If a team loses it is only natural to look for the cause of the defeat. But cause and effect do not really exist. They are abstract concepts that need a justification to be used. In football no such justification can be found. Instead in football we have to work with the probability of a certain sequence repeating in the future. That might sound quite a lot like cause and effect, but it isn’t.
As the following tweet attest, more and more people are becoming aware that cause and effect might not be very useful in football. So let me explain what philosophical issue there are with cause and effect.
This is a great thread for 2 reasons:
1. It’s a fabulous explanation of what Perception – action coupling actually is.
— The Talent Equation (@stu_arm) August 31, 2019
Criticism of cause and effect starts in the eighteen century with David Hume. He defines cause and effect as follows: if every time we experience an event B, there has been an event A just before it, the A is the cause of B and B is the effect of A. If Pepe tackles Messi and Messi is injured then Pepe is the cause of Messi’s injury.
At least that is what seems to follow from Hume’s definition. But Hume warns us against such a conclusion for he states that a cause if only a cause if the effect is always preceded by the cause. As not every time Pepe tackles Messi he is injured, we can doubt whether Pepe’s tackle is the real cause of Messi’s injury. Also, Pepe’s tackle is not the only thing that has preceded Messi’s injury. Maybe Messi has been tackled by other players earlier in the game. Or maybe he already started the match injured. The problem with causes is that we can always find more causes than we want and we can always go further back to look at the cause of the cause. Maybe Messi was injured by Pepe’s tackle because Pep Guardiola pushed him to take more risk attacking. But maybe Pep only did so because Barcelona was behind. And maybe Barcelona was behind because Messi missed a big opportunity. So maybe Messi is the cause of Messi’s injury.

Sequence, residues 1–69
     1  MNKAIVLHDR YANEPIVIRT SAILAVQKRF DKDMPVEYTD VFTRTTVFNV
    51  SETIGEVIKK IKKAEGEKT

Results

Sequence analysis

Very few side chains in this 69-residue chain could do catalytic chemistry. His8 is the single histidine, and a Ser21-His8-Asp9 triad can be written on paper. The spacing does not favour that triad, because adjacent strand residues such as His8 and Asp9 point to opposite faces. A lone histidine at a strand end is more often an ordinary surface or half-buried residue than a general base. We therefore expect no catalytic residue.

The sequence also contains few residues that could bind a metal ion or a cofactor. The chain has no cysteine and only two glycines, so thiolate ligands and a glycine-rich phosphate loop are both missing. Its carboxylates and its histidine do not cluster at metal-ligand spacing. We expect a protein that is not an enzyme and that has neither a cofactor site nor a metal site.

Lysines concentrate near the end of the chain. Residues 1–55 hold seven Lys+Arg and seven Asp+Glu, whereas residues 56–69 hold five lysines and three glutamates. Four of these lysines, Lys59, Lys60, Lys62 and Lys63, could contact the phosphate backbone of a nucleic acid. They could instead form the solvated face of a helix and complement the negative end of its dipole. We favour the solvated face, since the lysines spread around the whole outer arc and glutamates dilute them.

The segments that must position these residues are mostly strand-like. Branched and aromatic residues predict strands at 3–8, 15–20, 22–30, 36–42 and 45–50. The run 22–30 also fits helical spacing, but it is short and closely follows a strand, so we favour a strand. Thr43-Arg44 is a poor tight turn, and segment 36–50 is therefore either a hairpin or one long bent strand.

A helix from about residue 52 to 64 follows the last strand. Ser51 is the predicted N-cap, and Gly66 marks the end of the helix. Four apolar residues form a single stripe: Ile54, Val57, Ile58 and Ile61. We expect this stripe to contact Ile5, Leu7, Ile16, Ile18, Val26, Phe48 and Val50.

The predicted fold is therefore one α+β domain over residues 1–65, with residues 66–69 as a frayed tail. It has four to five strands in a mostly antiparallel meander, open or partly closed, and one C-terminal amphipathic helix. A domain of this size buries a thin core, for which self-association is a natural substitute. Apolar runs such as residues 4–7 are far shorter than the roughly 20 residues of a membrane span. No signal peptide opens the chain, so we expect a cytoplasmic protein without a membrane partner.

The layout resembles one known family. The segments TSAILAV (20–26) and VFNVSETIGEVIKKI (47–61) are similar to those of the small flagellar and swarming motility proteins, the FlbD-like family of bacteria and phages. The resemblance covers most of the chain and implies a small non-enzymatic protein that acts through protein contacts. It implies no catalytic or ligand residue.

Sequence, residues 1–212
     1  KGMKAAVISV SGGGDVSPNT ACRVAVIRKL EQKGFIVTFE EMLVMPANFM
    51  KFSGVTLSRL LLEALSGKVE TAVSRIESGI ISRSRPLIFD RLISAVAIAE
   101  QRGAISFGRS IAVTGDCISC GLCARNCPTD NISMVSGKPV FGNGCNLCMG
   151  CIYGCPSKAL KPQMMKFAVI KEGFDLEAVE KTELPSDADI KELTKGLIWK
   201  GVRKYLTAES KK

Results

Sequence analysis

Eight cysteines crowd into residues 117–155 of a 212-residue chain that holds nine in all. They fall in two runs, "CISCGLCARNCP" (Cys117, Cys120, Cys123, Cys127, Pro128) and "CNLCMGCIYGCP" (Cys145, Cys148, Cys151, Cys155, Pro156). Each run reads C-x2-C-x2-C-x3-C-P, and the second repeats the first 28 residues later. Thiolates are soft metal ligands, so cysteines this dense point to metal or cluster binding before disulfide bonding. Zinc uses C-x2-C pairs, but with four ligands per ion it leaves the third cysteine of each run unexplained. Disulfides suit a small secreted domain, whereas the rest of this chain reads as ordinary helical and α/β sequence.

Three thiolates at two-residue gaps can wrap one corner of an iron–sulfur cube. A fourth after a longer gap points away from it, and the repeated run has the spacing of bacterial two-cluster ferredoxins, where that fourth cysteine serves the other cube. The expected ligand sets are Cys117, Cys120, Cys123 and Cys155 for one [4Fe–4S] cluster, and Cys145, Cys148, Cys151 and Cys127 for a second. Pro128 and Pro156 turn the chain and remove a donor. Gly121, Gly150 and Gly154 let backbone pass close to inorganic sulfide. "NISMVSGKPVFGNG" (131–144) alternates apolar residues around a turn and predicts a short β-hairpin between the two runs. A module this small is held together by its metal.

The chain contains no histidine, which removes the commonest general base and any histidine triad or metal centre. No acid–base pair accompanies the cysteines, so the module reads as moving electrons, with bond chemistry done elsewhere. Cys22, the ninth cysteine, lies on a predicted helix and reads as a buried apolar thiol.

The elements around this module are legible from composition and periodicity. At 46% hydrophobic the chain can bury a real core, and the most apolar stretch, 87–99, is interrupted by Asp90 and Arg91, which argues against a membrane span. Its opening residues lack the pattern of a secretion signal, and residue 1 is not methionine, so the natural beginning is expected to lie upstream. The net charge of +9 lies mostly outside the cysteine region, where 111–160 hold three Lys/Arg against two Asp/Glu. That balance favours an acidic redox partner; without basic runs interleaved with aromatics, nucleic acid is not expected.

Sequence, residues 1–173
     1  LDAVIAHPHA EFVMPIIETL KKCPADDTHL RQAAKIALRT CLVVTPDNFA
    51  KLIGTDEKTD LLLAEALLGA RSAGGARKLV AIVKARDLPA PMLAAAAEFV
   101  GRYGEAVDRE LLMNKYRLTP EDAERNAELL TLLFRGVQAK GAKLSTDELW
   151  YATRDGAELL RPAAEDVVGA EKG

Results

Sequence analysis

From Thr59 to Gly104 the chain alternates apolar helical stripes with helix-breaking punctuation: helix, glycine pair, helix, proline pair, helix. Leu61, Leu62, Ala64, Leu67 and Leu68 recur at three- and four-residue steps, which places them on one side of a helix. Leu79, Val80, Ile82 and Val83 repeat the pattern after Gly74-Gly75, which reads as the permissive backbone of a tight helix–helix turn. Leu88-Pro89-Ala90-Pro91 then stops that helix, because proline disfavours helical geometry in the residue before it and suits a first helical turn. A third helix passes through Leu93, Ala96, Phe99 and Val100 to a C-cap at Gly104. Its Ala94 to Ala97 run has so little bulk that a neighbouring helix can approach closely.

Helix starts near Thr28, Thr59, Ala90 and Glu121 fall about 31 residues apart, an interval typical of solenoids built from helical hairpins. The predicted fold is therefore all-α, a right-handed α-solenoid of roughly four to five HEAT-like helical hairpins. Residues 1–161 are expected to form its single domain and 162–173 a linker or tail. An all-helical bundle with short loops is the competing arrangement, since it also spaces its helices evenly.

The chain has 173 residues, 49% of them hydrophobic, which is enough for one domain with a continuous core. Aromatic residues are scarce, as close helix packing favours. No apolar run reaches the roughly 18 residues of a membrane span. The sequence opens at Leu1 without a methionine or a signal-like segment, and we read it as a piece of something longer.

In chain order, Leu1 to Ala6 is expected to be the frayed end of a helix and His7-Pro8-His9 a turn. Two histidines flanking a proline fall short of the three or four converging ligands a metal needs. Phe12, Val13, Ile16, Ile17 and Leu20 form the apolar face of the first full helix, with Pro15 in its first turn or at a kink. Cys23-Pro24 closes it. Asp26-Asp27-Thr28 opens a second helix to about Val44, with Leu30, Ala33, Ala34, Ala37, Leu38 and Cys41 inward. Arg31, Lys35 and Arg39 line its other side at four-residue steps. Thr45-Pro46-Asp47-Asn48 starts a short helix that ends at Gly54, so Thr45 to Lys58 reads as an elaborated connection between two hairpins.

In the nineteenth century cause and effect is criticized by Friedrich Nietzsche. Nietzsche shows that there is an inherent mistake in the concept of cause and effect. As the effect has to happen after the cause, cause and effect can’t be simultaneously. For if cause and effect would be simultaneously we would be unable to tell what the cause is and what the effect is. As Louis van Gaal liked to say: “Are we so good or are they so bad?”. Is Messi scoring so easy because Messi is very good or is Messi scoring so easy because the defense is so bad? But if cause and effect can’t be simultaneously, then there has to be time in between cause and effect. What happens in the time between cause and effect? If you don’t know how are you able to connect the cause to the effect. But if you do know what happens in between, then you are coming up with a new cause and effect pair. And then we ask the same question again: what happens in the time between the new pair of cause and effect. In football terms: Messi is able to score because he overtakes Pepe. But what happens in the time between overtaking Pepe and scoring? No matter the answer, we can zoom in to an even smaller time scale. Nowadays we register 2.500 actions during a match, but with more precise measurement we might be able to increase this to 25.000 actions. The smaller the time scale the more irrelevant the cause and effect pairs become. But at a larger time scale we run into Nietzsche’s argument about the time in between.
In the twentieth century Russell expands Nietzsche’s argument. Influenced by the newly discovered quantum mechanics and relativity theory, he states that even if take cause and effect to be connected in time, then both cause and effect as an event on it’s own take time. Messi’s overtaking Pepe take some time. Russell notices that the first half of the cause is ineffective in the same way as the second half of the effect. So we can subtract those ineffective halves of the cause and the effect. But we can keep doing this until there is nothing left of the cause and effect!